At least five private companies under scanner

The Central Bureau of Investigation has registered a preliminary enquiry to probe alleged irregularities in issuance of licences to at least five private companies for exploration of mineral wealth in the Bay of Bengal and the Arabian Sea during 2010-11. The prime allegation is that licences for 28 of the 62 offshore mines were granted to companies owned by the son and brother of an Indian Revenue Officer in conspiracy with unknown officials of the Indian Bureau of Mines and the Union Ministry of Mines.

NEW DELHI, 24 SEPT: Just a week after filing cases in the coal block allocation scam, the CBI has begun probing alleged irregularities in the country's first-ever attempt to explore untapped minera

New Delhi After filing a series of cases in the coal block allocation scam, the CBI has now been tasked with unearthing alleged irregularities in the allocation of offshore mining licenses to private firms.

The CBI has registered a preliminary enquiry into allocation of 62 off-shore mineral blocks in the sea bed of of Bay of Bengal and Arabian Sea, the first-ever attempt to explore untapped mineral wealth worth thousands of crore.

Arabian Sea tropical cyclones have become stronger over the past 30 years owing to a reduction in vertical wind shear (VWS) brought about by radiative forcing from pollution aerosols1. Wang et al.2 argue that the decline in VWS results from a systematic shift in storm genesis date, which may be part of a natural cycle or another consequence of regional pollution. However, their conclusions2, although interesting, are not supported by our analysis and are probably sensitive to biases in the observational record.

Tropical cyclones over the Arabian Sea in the pre-monsoon season (May–June) have intensified since 1997 owing to significant reductions in storm-ambient vertical wind shear (VWS) in the troposphere; these reductions have decreased on average by about 3 m s−1 from the pre-1997 epoch (1979–1997) to the recent epoch (1998–2010)1. The authors attribute the reduction of pre-monsoon VWS to the dimming effects of increased anthropogenic black carbon and sulphate emissions.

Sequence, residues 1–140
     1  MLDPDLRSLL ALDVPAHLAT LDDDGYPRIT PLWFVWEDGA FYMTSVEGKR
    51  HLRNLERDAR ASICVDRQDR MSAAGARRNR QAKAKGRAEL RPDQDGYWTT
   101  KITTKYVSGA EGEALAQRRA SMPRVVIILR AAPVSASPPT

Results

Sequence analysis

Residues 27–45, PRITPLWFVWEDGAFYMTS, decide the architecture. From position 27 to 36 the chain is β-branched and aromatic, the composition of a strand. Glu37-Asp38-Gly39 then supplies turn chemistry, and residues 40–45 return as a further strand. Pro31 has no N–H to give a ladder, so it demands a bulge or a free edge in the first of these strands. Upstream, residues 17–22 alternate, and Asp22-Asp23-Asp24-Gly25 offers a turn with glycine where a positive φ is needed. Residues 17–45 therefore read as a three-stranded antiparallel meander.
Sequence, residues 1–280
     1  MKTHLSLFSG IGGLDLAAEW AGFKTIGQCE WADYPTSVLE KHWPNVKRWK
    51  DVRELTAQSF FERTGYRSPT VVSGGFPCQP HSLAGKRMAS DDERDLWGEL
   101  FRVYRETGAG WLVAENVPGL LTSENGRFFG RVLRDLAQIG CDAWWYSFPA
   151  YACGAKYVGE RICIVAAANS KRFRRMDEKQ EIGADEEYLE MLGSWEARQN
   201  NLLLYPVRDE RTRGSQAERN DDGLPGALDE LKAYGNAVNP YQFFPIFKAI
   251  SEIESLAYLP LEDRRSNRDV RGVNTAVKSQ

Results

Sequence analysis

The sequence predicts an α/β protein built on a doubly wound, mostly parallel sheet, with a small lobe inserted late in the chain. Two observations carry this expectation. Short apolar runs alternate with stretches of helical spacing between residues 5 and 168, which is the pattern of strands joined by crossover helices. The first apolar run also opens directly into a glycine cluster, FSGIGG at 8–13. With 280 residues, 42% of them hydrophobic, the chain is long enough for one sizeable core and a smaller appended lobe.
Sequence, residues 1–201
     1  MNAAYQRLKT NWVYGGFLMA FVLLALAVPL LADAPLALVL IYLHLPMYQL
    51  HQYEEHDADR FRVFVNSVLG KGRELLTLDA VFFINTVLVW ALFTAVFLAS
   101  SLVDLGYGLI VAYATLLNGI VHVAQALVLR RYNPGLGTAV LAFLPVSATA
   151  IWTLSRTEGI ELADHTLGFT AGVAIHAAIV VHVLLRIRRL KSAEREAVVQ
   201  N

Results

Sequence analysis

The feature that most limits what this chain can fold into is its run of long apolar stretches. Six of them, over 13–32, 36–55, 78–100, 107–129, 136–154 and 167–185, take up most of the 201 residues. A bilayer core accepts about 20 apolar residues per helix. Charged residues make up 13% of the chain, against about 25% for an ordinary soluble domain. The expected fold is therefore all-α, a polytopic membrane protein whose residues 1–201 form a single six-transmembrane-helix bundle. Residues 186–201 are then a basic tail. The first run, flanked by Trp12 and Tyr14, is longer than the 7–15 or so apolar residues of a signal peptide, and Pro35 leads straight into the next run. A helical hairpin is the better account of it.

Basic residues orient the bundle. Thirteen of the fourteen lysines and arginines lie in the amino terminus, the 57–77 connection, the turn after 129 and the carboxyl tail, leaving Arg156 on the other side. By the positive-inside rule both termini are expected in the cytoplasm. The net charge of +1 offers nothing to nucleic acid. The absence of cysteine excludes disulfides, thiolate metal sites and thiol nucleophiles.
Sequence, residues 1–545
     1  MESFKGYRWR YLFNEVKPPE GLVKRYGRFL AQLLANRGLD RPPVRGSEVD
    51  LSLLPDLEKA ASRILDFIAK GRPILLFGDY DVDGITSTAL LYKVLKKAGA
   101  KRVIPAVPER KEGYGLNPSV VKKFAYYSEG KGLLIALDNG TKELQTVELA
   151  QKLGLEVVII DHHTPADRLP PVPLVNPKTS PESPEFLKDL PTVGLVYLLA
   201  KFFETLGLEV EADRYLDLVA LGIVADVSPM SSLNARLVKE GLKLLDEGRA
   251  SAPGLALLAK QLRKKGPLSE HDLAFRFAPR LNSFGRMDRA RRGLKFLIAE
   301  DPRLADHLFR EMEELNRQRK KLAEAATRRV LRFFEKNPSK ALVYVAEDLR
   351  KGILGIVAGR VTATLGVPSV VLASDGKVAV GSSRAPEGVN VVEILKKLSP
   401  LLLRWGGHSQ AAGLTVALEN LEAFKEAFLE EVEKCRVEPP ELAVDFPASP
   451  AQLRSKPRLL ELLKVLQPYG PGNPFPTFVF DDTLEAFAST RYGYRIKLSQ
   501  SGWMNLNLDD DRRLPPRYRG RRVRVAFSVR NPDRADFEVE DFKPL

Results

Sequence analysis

New Delhi: Levels in 84 reservoirs monitored by government agencies are at 57% of last year’s capacity and 83% if compared to a 10-year average, belying fears of an immediate crisis although storag

The National Green Tribunal (NGT) has asked the ministry of environment and forests (MoEF) to quantify the environmental damage caused by the sinking of the Panama-owned vessel MV Rak, which sank off the coast of Mumbai last year.

Not only did the sinking of MV Rak result in a massive oil spill but 60,000 metric tonnes of coal was dumped into the ocean following the sinking.The NGT has also issued notices to Mumbai Maritime Board, the Maharashtra state government and the ship’s owner Delta Shipping Maritime Services with the latter being asked to pay for the damages caused to the marine ecology due to the oil spill.

AHMEDABAD: Forests and other departments in Gujarat have been very proactive in carrying out biodiversity conservation measures, significant among them being those related to whale shark, sea turtle, restoration of mangroves etc., Dr. A P Singh, member secretary, Gujarat Biodiversity Board, said.

Gujarat Biodiversity Board too has launched several measures for the conservation and development of biological diversity, including marine, he said, adding that Government of India had enacted the Biological Diversity Act, 2002 for the conservation, development and regulation of biodiversity. The main objective of the Act is conservation of biodiversity and sustainable utilization of biological resources.

MUMBAI: Residents of housing societies in Worli expressed concern after noticing that part of the Arabian Sea near the Haji Ali dargah turned black.

The State government was resorting to “jugglery of words” when speaking about the Netravati diversion project and the Yettinahole project, member of the Western Ghats Task Force B.M. Kumaraswamy said here on Wednesday.

Speaking to The Hindu here on the sidelines of a programme organised by the task force and the Department of Forests, Mr. Kumaraswamy said the government was denying that there was any attempt to divert the Netravati, and instead it was saying that it would supply drinking water to Kolar, Chickballapur, Chitradurga and Bangalore Rural districts from the Yettinahole, a tributary of the Netravati, he said.

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